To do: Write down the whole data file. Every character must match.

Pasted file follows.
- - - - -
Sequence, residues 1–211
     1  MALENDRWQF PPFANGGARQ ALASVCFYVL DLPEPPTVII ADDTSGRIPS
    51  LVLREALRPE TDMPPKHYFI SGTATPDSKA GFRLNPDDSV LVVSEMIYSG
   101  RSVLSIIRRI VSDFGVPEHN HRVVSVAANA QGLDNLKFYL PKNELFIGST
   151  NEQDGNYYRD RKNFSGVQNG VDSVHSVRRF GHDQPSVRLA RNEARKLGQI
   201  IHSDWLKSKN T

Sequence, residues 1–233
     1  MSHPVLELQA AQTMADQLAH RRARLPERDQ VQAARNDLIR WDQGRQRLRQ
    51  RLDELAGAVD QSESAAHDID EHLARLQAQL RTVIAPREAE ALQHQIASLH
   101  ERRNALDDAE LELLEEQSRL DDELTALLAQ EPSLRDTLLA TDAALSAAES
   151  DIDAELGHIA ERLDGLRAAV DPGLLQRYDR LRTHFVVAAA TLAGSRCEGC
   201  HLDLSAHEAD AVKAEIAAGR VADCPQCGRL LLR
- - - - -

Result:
Sequence, residues 1–211
     1  MALENDRWQF PPFANGGARQ ALASVCFYVL DLPEPPTVII ADDTSGRIPS
    51  LVLREALRPE TDMPPKHYFI SGTATPDSKA GFRLNPDDSV LVVSEMIYSG
   101  RSVLSIIRRI VSDFGVPEHN HRVVSVAANA QGLDNLKFYL PKNELFIGST
   151  NEQDGNYYRD RKNFSGVQNG VDSVHSVRRF GHDQPSVRLA RNEARKLGQI
   201  IHSDWLKSKN T

Sequence, residues 1–233
     1  MSHPVLELQA AQTMADQLAH RRARLPERDQ VQAARNDLIR WDQGRQRLRQ
    51  RLDELAGAVD QSESAAHDID EHLARLQAQL RTVIAPREAE ALQHQIASLH
   101  ERRNALDDAE LELLEEQSRL DDELTALLAQ EPSLRDTLLA TDAALSAAES
   151  DIDAELGHIA ERLDGLRAAV DPGLLQRYDR LRTHFVVAAA TLAGSRCEGC
   201  HLDLSAHEAD AVKAEIAAGR VADCPQCGRL LLR